Crocus on the village green, photo by Tom Drysdale
It is cheering to welcome longer days, returning wildlife and a succession of spring flowers to Dirleton village and the surrounding woods and fields. Throughout February snowdrops and aconites have been growing through the fallen leaves of autumn to provide welcome signs of the coming spring. March brings crocuses to the greens throughout the village to be followed later by the cheery yellow of daffodils and vibrant tulips in village gardens, and primroses, violets and pungent wild garlic in the woods. Many of the walks described on this website are really enjoyable in Spring because of the profusion of wild flowers in the woods. Snowdrops abound, and the area around the Renaissance pond is particularly good for primroses and violets. A special favourite is Bickertons Way and its mysterious knight.
In the woods and at the shore look out for returning birds - the Seabird Centre in North Berwick awards a prize for the first sighting of a gannet on the Bass Rock. In the woods at Yellowcraig a guttural honk gives a clue to a heron’s nest to be spotted high in the pines. The oystercatcher can be seen all year round on the shoreline at Yellowcraig, but particularly in spring when there is no better time of year to observe it. Noisy and excitable birds, oystercatchers work their way along the edge of the water, feeding on shellfish and sand worms. Their long orange bill and pink legs make them unmistakable. The head, breast, back and wings are glossy black, with a broad white wing band. The underparts and rump are white. Its call is a ‘peet, peet’ and a trilling whistle in a rising and falling clamour.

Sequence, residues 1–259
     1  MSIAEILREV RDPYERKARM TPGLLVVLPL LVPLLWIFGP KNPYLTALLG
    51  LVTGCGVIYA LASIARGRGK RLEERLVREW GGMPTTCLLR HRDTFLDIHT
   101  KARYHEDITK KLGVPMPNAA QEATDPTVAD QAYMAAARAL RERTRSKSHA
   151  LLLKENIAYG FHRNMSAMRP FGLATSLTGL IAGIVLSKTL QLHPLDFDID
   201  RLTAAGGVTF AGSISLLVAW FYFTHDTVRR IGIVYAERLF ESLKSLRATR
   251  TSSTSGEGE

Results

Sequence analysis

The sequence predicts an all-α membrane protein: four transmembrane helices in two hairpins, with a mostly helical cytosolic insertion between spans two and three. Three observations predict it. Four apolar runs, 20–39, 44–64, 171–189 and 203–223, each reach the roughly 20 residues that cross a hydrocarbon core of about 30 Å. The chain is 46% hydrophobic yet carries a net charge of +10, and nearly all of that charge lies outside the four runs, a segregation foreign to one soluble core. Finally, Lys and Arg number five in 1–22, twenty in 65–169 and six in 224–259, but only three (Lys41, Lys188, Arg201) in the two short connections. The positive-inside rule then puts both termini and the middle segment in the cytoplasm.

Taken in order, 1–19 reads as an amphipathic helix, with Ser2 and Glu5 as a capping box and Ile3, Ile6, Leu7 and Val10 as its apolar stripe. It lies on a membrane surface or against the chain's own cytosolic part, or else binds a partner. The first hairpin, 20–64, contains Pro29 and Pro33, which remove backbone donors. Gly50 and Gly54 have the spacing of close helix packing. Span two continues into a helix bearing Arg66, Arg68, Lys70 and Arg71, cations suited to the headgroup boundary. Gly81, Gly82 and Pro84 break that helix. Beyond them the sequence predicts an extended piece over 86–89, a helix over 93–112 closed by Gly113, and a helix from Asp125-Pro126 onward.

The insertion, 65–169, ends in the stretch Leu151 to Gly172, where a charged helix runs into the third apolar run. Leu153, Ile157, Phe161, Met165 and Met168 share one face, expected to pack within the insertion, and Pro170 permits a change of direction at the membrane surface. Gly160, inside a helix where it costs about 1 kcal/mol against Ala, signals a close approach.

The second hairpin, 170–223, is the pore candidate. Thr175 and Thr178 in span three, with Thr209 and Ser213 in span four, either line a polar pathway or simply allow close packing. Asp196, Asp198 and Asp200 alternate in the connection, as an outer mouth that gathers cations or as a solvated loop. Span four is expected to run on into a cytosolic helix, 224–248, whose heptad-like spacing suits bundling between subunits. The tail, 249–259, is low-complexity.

Follow our suggestions for walks in the area to see the best of the spring flowers and foraging recipes for wild garlic.
A gentle stroll towards Fidra Lighthouse
Foraging for Wild Garlic
An Easter Cake